I couldn't put this book down and finished it in one day. It is the most uplifing, phenominal book I have ever read. I'm only sorry that it's over. I learned so much about myself from reading this book. I am so grateful to Mike for having the courage to bare his soul and relate the experiences of his journey. This book has renewed my faith in the human race. All you see and hear is bad news today. I feel that I've lived through the best years of America and hold much fear for my children's futures. After reading this book I know, even 20 years later, there is more good than bad out there. I feel like I've taken a spiritual journey today. This book will always be a part of me now, the people in it and the author have really touched me. Don't pass this one up - you'll miss out on something really beautiful.
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8 of 9 people found the following review helpful
3.0 out of 5 stars Kindness of Strangers July 9, 2012
By Jex
Format:Kindle Edition|Verified Purchase
I picked up this book as a freebie off Amazon.

When I started reading this book I really didn't know what to expect. Free books always seem to be so hit or miss. The premise of the book reminded me a lot of [book:Nickel and Dimed: On (Not) Getting By in America|1869], a social experiment book that I absolutely loved. I think I may have hyped myself on the book too much because I had read Nickel and Dimed previously.

The book follows a young journalist as he packs up his things and heads across the country without a penny on him. No credit card, no money, no food. He crosses the country by getting rides, food, and shelter from strangers and never accepting a penny from anyone. How far will he make it? And will he survive?

Sound fascinating, right? It was, until about Montana. I felt after a while the story became a bit repetitive. I never truly connected with any of the people that the author described. There were touching stories of the down trodden, but for some reason I never felt myself actually feeling anything for these characters. I don't know if it was the writing style or the narration, but I just couldn't get into the story the way I wanted to. My biggest disappointment was the lack of conclusion and lesson learned at the end. It was just kind of over. I definitely applaud Mike McIntyre for taking this journey as it would never be something I could do. How do you put your life in the hands of strangers? I just wanted a bit more from the book in terms of how Mike felt on the journey or how he reacted to the people he came across. Something that felt a bit more real instead of a list of life stories.
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Most Recent Customer Reviews
4.0 out of 5 stars My Review
This book is easy to read. It restored my faith in the human race. It kept my interest. It was a quick read.
Published 6 hours ago by Susie Landrum
5.0 out of 5 stars Courage of his Convictions
This is a moving true life account of courage, kindness and reality. As humans we're inevitably flawed, as the author relates to others through his own challenges. Read more
Published 5 days ago by kip zwickel
5.0 out of 5 stars Five Stars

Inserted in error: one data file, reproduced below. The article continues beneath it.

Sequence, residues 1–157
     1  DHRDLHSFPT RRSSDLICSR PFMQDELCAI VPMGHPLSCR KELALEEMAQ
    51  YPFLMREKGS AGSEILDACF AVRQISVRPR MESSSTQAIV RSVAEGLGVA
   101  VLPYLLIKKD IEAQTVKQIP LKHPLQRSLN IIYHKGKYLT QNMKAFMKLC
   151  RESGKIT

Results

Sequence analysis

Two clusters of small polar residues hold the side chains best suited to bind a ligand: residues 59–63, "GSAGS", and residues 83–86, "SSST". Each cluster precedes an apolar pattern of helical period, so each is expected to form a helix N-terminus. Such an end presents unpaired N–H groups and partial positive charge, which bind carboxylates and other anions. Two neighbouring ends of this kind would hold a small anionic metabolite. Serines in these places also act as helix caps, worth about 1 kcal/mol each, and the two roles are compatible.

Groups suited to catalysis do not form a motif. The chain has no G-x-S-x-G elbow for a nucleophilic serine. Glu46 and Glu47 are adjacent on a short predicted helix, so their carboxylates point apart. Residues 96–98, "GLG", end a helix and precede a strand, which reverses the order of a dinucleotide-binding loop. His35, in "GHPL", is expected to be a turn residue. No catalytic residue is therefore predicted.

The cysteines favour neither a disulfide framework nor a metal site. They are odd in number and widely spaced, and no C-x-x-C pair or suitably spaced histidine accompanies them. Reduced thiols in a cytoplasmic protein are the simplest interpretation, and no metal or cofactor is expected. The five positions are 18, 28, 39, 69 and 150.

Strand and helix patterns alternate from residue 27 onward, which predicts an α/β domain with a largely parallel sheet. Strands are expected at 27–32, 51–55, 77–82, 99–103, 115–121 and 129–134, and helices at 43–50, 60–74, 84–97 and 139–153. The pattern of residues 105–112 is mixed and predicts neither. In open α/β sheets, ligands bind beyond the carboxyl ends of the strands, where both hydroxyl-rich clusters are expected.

A real page-turner!
Published 10 days ago by Amazon Customer
5.0 out of 5 stars Five Stars
Reads like a spell binding novel. Very compelling reading .
Published 14 days ago by paul
5.0 out of 5 stars Where is the real America?
Very interesting look at America. Mike was a journalist who traveled all over the world before he decided to chuck it all and walk
penniless across America. Read more
Published 16 days ago by S. Jackson
5.0 out of 5 stars Must read for any traveler
Even though this book is now 20 years old, I thoroughly enjoyed the story and the applicable still to today's world. Very captivating. I plan on reading more of Mike's books.
Published 20 days ago by SCubed
5.0 out of 5 stars a positive read!
The kindness of strangers was a very interesting book. Mike got to see how people across America live. Read more
Published 28 days ago by gs
4.0 out of 5 stars Four Stars
Great story of faith in others!
Published 29 days ago by kathleen carvalho
5.0 out of 5 stars An amazing story of trust!
I loved this book and the amazing adventure shared by the author. Well-written, it is a story that never bogs down or makes you want to stop reading.
Published 1 month ago by Cindy From Indy
4.0 out of 5 stars Sad for the way it ended
Cleverly written and a interesting story overall. Sad for the way it ended...but a good read.
Published 1 month ago by CB
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More About the Author

Mike McIntyre bounced around a lot as a child. As an adult, nothing's changed. He's lived, worked and traveled in eighty countries. His newest book is The Distance Between, a travel memoir about his three decades of wanderlust. His other travelogues are The Wander Year and The Kindness of Strangers, which was featured on Oprah. He's also the author of the crime novel The Scavenger's Daughter. After earning degrees from the University of California, Davis, and the University of Michigan, he turned to journalism, writing for the Washington Post and the Los Angeles Times, among other publications. He's a frequent visitor to Scotland, where he indulges his passion for links golf. When not traveling, he lives in San Diego with his wife and cat.

To learn of new releases and promotions, sign up for Mike's newsletter at www.eepurl.com/Jl_gn